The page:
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Pre​dation and Behavior

Predation causes selection on behavior – Marc Gravel (MS student) and I tested two relevant hypotheses: 1) Behavior of Aedes triseriatus is related to risk of predation over the short term (i.e., hours), but has little impact on risk over one or more generations; 2) Behavioral variation in A. triseriatus is largely non-genetic, hence behavioral differentiation among populations cannot evolve. In a laboratory culling experiment, we showed that predation can select for altered behavior in as few as two generations, refuting both hypotheses.

Behavior, risk of predation, and competitive ability – Chris Grill (an undergraduate) and I showed that behavior determines risk of predation over multiple time scales by showing that differences in behavior between A. triseriatus and Aedes aegypti accurately predict vulnerabilities to predation by T. rutilus over both short and long time scales. We also showed that interspecific differences in behavior were poor predictors of competitive ability, suggesting only limited trade-offs between risk of predation and competitive ability.

More recent research in my lab by Banu Kesevaraju (Ph.D. Student) shows that although A. triseriatus reduce foraging activity in water that previously contained a feeding T. rutilus, the introduced species Aedes albopictus does not show this behavioral response to the threat of predation.  Jillian Wormington (MS student) showed that predator-induced changes in behavior in Aedes triseriatus are both hunger-dependent and sex-specific, with males responding more strongly than females.

We have also investigated the role of the small predatory midge, Corethrella appendiculata as a factor influencing invasion success and impact of Aedes albopictus.  Other recent and current work involves the effects of cues from predation on oviposition choices made by adult female Aedes.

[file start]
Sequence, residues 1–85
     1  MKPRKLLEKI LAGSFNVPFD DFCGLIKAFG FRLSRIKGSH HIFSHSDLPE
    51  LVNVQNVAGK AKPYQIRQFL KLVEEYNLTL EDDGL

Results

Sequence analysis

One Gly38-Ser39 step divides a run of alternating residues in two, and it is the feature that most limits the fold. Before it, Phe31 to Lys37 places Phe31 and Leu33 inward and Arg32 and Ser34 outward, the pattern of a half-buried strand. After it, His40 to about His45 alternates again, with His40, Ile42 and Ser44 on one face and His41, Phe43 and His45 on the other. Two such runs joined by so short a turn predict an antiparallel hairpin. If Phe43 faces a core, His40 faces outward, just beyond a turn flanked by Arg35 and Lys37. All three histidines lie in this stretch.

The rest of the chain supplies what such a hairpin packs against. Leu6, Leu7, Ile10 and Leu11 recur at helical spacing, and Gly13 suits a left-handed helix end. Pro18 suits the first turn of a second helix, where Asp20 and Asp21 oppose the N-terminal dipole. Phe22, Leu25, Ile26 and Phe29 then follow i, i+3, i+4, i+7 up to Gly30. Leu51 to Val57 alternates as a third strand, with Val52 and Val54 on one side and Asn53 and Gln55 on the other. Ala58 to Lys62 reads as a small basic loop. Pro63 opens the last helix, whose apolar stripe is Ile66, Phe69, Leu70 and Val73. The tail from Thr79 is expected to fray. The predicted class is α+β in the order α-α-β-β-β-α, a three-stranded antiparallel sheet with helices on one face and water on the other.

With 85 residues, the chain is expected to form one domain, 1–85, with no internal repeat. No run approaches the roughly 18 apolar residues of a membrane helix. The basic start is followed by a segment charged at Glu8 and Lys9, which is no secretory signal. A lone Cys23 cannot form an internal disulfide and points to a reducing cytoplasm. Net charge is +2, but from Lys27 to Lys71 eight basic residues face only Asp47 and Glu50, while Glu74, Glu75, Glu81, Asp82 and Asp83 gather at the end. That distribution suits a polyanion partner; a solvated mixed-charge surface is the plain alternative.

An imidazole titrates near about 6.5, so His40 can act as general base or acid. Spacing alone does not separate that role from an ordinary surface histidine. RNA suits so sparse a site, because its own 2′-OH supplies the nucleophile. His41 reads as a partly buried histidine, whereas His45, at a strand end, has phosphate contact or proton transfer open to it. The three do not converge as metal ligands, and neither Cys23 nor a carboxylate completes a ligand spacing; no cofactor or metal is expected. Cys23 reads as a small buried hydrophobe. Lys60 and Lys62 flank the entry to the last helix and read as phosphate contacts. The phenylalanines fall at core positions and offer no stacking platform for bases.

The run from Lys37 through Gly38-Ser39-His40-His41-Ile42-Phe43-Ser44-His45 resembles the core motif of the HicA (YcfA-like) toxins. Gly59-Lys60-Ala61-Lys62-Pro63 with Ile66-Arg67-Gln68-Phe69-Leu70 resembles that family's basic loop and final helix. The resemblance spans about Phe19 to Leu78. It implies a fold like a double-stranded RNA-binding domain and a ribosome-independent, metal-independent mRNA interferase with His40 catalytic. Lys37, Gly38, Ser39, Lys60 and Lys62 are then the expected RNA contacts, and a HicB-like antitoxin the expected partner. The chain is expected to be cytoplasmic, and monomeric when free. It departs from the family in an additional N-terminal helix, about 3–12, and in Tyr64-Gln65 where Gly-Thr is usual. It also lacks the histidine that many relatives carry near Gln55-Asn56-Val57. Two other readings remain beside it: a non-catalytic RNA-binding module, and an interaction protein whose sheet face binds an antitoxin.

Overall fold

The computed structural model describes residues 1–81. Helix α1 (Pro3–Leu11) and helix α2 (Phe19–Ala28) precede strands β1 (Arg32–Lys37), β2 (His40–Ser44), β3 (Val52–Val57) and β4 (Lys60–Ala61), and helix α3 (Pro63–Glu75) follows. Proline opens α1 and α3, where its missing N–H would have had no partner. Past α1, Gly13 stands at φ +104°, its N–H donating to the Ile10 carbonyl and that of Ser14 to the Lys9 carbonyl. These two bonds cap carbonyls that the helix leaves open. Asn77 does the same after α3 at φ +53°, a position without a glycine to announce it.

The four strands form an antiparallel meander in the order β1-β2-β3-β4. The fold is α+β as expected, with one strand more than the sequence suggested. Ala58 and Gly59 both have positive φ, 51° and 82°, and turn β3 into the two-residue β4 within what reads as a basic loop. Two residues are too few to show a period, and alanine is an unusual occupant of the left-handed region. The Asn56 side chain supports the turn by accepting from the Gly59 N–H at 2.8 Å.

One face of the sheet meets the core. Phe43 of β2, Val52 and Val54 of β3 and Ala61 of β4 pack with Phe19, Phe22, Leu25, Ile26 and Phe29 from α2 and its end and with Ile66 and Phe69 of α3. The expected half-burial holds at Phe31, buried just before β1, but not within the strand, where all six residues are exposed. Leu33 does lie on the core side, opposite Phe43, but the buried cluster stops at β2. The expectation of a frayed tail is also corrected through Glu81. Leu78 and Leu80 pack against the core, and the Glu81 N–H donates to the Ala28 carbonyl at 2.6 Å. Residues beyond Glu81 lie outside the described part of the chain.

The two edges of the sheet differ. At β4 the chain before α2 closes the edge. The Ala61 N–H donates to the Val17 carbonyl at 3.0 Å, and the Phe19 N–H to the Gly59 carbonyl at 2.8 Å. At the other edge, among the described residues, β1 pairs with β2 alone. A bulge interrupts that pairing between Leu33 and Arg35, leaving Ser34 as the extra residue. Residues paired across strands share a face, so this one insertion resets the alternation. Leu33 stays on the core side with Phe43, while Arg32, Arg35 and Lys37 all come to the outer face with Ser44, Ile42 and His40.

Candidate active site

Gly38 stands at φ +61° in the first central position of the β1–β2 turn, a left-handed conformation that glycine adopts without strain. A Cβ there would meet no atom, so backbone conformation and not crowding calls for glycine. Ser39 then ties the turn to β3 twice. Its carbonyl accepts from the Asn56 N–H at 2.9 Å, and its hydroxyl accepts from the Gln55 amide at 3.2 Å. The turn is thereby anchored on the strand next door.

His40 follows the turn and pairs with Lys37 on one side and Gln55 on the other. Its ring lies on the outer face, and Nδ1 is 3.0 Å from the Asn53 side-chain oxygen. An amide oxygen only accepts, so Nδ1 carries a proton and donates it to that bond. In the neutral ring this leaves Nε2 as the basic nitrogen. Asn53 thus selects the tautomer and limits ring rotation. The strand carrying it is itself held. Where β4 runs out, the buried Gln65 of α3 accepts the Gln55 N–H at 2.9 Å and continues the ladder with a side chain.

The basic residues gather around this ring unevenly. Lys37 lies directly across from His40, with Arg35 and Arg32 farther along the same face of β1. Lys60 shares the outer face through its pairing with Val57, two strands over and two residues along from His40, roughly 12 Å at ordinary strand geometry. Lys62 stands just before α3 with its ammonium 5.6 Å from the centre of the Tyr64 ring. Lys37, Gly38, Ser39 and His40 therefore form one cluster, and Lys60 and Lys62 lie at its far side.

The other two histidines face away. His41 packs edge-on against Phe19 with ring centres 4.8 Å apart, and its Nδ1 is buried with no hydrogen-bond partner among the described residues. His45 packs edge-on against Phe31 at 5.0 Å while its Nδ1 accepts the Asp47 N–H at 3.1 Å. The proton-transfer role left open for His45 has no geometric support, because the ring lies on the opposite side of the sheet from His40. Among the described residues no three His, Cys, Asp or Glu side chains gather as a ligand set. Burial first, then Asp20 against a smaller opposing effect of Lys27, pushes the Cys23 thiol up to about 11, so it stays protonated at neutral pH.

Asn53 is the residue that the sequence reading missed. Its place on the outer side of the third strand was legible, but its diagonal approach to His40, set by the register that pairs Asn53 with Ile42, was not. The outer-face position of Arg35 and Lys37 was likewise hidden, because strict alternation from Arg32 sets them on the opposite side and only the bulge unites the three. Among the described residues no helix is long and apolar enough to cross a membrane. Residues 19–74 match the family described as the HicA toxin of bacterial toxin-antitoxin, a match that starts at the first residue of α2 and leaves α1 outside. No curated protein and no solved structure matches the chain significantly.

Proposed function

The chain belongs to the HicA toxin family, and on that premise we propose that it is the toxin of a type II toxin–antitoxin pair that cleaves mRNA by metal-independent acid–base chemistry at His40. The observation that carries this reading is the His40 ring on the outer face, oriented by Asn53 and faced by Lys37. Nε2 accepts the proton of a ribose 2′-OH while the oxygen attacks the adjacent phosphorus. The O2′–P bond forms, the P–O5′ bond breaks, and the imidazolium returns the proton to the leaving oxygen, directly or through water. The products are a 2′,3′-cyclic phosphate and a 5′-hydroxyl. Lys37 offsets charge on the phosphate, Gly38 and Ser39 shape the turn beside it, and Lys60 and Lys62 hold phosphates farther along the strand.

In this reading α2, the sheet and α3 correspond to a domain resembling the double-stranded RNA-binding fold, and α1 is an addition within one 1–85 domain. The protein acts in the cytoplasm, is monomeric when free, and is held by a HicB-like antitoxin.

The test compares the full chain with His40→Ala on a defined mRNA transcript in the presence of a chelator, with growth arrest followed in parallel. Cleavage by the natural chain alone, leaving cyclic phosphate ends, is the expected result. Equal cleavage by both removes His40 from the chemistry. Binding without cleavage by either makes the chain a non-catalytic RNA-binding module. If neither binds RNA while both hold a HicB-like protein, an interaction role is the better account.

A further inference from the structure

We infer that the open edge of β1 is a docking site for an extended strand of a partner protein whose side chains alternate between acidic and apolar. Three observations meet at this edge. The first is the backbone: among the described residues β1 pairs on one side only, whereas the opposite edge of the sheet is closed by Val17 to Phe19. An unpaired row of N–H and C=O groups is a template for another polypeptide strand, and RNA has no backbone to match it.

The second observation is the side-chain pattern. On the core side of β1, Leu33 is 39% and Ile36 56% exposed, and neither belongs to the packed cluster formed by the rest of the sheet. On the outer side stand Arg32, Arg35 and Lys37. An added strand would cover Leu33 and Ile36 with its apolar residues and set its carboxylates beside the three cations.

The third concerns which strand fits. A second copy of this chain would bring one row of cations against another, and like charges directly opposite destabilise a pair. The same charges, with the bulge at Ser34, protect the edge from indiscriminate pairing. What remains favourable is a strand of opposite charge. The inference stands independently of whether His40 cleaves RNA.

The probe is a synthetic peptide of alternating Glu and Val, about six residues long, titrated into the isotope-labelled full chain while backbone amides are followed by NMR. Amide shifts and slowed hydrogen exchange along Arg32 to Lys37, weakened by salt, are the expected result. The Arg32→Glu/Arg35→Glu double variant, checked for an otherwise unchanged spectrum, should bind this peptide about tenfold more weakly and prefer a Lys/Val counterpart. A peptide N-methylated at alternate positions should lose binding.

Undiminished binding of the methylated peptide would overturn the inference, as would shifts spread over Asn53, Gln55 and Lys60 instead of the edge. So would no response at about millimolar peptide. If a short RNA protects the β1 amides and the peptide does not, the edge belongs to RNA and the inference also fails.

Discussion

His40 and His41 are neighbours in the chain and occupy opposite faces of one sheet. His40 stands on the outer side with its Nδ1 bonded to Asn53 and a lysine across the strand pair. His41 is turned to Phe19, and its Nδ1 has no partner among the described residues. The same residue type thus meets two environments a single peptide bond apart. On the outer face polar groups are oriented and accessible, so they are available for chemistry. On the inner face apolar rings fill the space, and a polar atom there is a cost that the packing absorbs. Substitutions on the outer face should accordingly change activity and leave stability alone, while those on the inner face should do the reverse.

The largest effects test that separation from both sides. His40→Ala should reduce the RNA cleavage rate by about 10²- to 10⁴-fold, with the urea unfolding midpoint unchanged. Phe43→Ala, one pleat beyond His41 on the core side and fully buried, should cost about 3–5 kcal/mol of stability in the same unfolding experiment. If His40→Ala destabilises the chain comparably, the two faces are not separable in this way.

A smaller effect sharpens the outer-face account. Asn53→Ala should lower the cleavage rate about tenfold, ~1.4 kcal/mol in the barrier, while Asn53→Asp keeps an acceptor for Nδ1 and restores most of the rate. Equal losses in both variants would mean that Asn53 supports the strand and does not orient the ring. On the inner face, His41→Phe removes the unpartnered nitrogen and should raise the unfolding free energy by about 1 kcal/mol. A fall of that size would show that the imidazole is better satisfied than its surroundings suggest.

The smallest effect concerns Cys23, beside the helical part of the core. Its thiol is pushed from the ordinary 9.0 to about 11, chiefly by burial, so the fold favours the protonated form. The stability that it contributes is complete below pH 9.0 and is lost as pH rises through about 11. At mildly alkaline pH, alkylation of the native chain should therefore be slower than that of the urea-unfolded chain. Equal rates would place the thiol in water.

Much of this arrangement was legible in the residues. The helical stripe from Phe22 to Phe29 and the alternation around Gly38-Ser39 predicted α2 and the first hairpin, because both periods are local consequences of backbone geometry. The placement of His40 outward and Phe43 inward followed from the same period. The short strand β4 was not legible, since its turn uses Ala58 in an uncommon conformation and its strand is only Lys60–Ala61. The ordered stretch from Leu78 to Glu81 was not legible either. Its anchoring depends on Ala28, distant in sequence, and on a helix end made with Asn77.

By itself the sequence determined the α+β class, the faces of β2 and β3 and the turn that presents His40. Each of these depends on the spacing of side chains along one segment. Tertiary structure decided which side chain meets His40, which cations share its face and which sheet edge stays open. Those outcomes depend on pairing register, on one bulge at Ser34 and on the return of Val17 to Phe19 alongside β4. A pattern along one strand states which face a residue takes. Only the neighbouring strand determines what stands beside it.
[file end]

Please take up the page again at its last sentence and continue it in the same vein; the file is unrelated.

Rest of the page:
For more details on this research topic, please see:

Chandrasegaran, K, SA Juliano.  2019. How Do Trait-Mediated Non-Lethal Effects of Predation Affect Population-Level Performance of Mosquitoes?  Frontiers in Ecology & Evolution, 7:25.

Juliano, S.A, K.M. Westby, G.D. Ower. 2019.  Know your enemy:  Effects of a predator on native and invasive container mosquitoes. Journal of Medical Entomology.  56: 320–328  https://doi: 10.1093/jme/tjy196 

Ower, GD, SA Juliano. 2019.The demographic and life history costs of fear: Trait-mediated effects of threat of predation on Aedes triseriatus.  Ecology and Evolution 9:3794-3806

Andrade, MR, JA Breaux, D Albeny Simões, SA Juliano, E Lima. 2017. Are behavioural responses to predation cues linked across life cycle stages?  Ecological Entomology.  42:77-85   DOI: 10.1111/een.12358

Wormington, JD, SA Juliano. 2014.  Hunger-dependent and sex-specific antipredator behaviour of larvae of a size-dimorphic mosquito. Ecological Entomology 39:548–555

Juliano, SA, Lounibos, LP, Nishimura, N, Greene, K. 2010. Your worst enemy could be your best friend:  Predator contributions to invasion resistance and persistence of natives. Oecologia. 162:709-718.

Kesavaraju, B., & Juliano, S. A. 2004. Differential behavioral responses to water-borne cues to predation in two container dwelling mosquitoes.  Annals of the Entomological Society of America 97:194-201

Juliano, S. A. & M. E. Gravel. 2002.  Predation and the evolution of prey behavior:  An experiment with tree hole mosquitoes. Behavioral Ecology 13:301-311  

Grill, C. P. & Juliano, S. A. 1996 Predicting species interactions based on behaviour: predation and competition in container-dwelling mosquitoes. Journal of Animal Ecology 65:63-76.

Juliano, S. A. 1996. Geographic variation in Aedes triseriatus (Diptera: Culicidae): temperature dependent effects of a predator on survival of larvae. Environmental Entomology 25:624-631.

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